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Bleeding-control polymer gel for brain surgery, polymer implants attack brain cancer

Bleeding-control polymer gel for brain surgery, polymer implants attack brain cancer

A spray-on gel to staunch bleeding during brain surgery has been developed by New Jersey Institute of Technology. Surgeons can spray the gel onto a surgical site, and the natural bio-polymer solutions in the gel will cohere and control bleeding in the patient within 30 seconds. The gel can shorten an intracranial surgery by 30-45 minutes. It will translate into less time for the patient's skull to be open and less anesthesia, reducing both the possibility of infection and morbidity. Shorter surgeries also reduce hospital costs: The new gel is expected to save hospitals more than US$3000-4000 per case. The hydrogel derives from two polysaccharides that are simultaneously mixed and sprayed onto a surgical site. Once the hydrogel is mixed, it forms an adhesive and cohesive material that gelates within 30 seconds. The hydrogel solutions are made from natural materials and do not contain and blood or tissue components. That makes them highly biocompatible. The National Institute of Neurological Disorders and Stroke awarded a US$1.4 mln grant to Endomedix to support its research on the gel, technically classified as a medical device. Endomedix has been developing the gel, known as a surgical hemostat, since 2009. Its applied research phase has been successful – the company has two issued U.S. patents on the gel and will begin biocompatibility testing later this year. After the tests are finished, the firm will seek regulatory authorization to begin clinical studies.

Every year in the U.S. about 17,500 persons develop primary brain cancer. There are about 20,000 brain cancer surgeries each year. For most, even after surgery, prospects for a normal, healthy life remain grim as occurrence of relapses is common. Conventional post-surgery treatment of radiation and intravenous chemotherapy often prove unsuccessful. Drugs needed to fight the cancerous growth reach the brain in too-low concentrations to be effective. In addition, serious side effects associated with drug delivery, such as anemia and pulmonary fibrosis, have become common problem areas. A controlled drug-delivery system that can be implanted at the site of the removed tumor, has been developed. This will help some brain-cancer patients have a brighter future. Clinical tests have shown that polymer wafers impreg-nated with a cancer-fighting drug implanted after surgery can help prolong life. As the biodegradable wafers erode, they release the chemotherapeutic drug to prevent relapses. Moreover, drug delivery takes place over time without the adverse effects common to intravenous delivery. The novel system, called Gliadel®, consists of a biodegradable polyanhydride polymer matrix that incorporates a generic cancer-fighting drug, carmustine (BCNU). After removing the tumor, the surgeon simply places up to eight wafers into the cavity, then closes it. The wafers slowly degrade, releasing toxins directly to the cancerous tissue.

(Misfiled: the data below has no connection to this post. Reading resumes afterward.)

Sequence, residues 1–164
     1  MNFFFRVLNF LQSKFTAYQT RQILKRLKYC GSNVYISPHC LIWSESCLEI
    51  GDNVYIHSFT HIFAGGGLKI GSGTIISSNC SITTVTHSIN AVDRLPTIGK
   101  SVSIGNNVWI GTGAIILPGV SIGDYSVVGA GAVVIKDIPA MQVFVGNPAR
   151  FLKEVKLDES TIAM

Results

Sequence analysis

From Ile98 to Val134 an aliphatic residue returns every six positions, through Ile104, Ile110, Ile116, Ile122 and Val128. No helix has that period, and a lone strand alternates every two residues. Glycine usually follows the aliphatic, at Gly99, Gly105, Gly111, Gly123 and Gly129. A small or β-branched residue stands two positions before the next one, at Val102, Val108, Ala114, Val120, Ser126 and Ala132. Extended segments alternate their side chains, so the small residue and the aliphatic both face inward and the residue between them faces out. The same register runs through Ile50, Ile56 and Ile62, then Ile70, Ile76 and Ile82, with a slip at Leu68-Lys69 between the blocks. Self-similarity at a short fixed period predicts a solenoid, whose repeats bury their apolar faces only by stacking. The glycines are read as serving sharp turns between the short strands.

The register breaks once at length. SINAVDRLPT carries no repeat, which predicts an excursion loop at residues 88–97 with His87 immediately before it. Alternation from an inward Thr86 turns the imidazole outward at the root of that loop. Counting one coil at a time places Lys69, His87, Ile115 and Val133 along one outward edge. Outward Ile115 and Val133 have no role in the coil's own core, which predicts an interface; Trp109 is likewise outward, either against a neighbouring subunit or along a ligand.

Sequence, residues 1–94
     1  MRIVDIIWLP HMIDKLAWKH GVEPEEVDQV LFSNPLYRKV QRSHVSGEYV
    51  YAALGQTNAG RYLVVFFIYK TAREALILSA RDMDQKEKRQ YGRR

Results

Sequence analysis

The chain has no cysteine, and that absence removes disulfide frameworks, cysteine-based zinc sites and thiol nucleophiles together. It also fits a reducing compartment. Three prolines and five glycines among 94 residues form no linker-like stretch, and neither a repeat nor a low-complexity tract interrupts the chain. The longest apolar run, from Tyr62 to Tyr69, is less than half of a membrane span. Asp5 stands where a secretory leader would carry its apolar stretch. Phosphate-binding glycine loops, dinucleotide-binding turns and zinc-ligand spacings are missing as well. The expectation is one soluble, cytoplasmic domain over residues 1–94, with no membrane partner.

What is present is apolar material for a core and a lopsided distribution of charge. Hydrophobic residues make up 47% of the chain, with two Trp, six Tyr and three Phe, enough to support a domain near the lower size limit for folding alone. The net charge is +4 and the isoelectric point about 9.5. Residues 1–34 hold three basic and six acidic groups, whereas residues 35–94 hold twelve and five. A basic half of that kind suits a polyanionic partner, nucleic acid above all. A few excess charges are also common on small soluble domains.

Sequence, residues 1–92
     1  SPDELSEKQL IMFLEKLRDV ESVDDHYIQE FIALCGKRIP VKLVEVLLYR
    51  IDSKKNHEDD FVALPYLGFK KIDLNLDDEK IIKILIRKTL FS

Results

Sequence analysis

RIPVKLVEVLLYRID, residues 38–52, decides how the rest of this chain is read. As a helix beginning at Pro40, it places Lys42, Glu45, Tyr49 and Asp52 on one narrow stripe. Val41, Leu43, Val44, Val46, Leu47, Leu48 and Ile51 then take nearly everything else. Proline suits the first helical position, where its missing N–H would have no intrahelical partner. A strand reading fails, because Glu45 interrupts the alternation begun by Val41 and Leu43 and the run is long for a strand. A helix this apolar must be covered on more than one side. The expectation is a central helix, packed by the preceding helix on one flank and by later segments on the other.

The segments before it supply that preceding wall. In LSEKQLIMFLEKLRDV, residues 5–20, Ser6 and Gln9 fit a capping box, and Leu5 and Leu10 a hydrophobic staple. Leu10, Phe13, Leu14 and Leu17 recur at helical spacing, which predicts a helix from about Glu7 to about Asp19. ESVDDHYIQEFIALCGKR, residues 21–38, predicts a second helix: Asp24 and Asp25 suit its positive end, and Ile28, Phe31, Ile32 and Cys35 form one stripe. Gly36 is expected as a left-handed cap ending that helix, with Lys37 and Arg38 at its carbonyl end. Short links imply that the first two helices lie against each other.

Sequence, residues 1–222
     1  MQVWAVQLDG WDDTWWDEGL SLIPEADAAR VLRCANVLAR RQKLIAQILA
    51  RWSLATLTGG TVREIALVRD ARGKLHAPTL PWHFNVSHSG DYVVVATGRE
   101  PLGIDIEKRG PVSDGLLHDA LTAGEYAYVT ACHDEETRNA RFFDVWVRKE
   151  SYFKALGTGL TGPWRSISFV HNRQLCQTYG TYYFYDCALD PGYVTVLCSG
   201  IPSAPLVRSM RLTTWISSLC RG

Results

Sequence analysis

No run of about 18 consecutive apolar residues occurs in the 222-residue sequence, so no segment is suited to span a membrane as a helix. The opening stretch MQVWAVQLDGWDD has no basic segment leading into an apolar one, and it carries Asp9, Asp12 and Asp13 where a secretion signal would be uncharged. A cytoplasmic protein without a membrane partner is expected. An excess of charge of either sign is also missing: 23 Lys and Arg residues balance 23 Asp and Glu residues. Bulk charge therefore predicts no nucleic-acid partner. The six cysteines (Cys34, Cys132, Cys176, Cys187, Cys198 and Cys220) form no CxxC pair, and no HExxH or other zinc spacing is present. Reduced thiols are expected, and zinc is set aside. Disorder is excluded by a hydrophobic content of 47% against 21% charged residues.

Researchers report that two highly successful clinical tests, involving patients in North America and Europe, have shown marked improvements in survival rates for those treated by the new method. The treatment system, offered by Guilford Pharmaceuticals, a Baltimore-based biotechnology company, is awaiting regulatory approval from the U.S. Food and Drug Administration. Dr. Henry Brem, professor of neurosurgery and oncology at Johns Hopkins Medical Institutions, describes the system's development as "very significant for the future treatment of brain cancers." He adds, "Use of biodegradable polymers to deliver prolonged high doses of chemotherapy directly to the tumor spares patients from systemic exposure to the drug. No other form of chemotherapy has shown such a dramatic improvement in survival with so few side effects. It offers physicians a brand new, effective weapon for fighting cancer." The most recent Phase III clinical tests of the Gliadel system took place in Europe. They involved patients undergoing surgery for the first time to remove fatal malignant gliomas, the most common type of primary brain cancer. In the randomized tests, either Gliadel wafers or placebos were implanted in 32 patients. Three weeks after surgery, all the patients underwent standard radiation therapy. Physicians tracked the patients for two years, or until death. One year after treatment, 63% of the Gliadel-treated patients remained alive, compared to only 19% of the placebo recipients. These results, states Dr. Brem, "confirm and extend the results of our U.S. clinical tests." With Dr. Brem as lead investigator, the first Phase III test involved 222 gravely ill persons. All in advanced stages of the illness, these patients experienced recurring tumors that required operations for the second or third time. 27 medical centers in the U.S. and Canada participated in the tests. An examination of the test results showed that six-month survival rates ranged from 47% for patients with placebo wafers to 60% with the Gliadel treatment. Patients with glioblastoma multiforme, the most common and severe form of brain tumor, showed even more dramatic results. For these patients, the six-month survival period increased from 36 in the placebo group to 56% for those given the BCNU drug wafer-a 55% improvement.

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